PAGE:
PLAY: Use What's Handy
"And if you can't be with the one you love, love the one you're with."
When life gives you lemons, make incredibly sour lemonade—unless life gives you water and sugar, too.
Fools don't want to drive all the way to Home Depot to pick up the perfect tool or part. They enlist what's available, wherever they are, whatever they have. They think like MacGuyver and invent like Rube Goldberg.
In Buster Keaton's The Boat, his wife's pancakes prove to be inedible, but later provide a plug for a hole in the boat with the help of hammer and nails (which caused the hole in the first place). Later, he uses the hammer to nail himself to the floor while the boat is flipping over.
We often live with the myth that if we just had [fill in the blank], all our problems would be solved. Only being able to use what's handy forces you to be creative. You have to connect the unrelated, make and break rules, and transform functions of objects. The limitations take away the infinite options that take too long to consider. You begin to see the project as a whole, instead of its separate parts, as demonstrated here by the fool Nasrudin:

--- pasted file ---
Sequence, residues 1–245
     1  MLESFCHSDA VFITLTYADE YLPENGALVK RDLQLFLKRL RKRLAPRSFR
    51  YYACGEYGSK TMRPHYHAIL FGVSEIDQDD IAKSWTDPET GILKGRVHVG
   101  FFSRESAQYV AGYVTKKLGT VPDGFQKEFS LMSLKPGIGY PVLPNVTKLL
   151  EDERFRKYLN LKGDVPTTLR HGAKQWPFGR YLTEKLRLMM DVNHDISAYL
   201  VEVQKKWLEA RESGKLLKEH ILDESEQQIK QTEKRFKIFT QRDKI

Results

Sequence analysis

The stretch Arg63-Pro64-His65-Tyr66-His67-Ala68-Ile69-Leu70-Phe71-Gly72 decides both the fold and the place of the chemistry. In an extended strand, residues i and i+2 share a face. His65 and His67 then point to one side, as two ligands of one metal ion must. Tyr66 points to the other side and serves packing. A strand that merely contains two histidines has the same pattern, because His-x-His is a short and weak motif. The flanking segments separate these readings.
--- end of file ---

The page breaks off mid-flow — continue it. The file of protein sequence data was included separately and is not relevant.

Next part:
Why Don't You
Mullah Nasrudin went to the shop of a man who stocked all kinds of bits and pieces.
"Have you got nails?," he asked.
"And leather, good leather?"
"Then why, for Heaven's sake, don't you make a pair of boots?"
—from The Pleasantries of the Incredible Mulla Nasrudin by Idries Shah
But to always have handy what you might need, you could carry around a Fool's Aid Kit.
Think: What do I have handy right here, right now? How can I use these to solve the problem?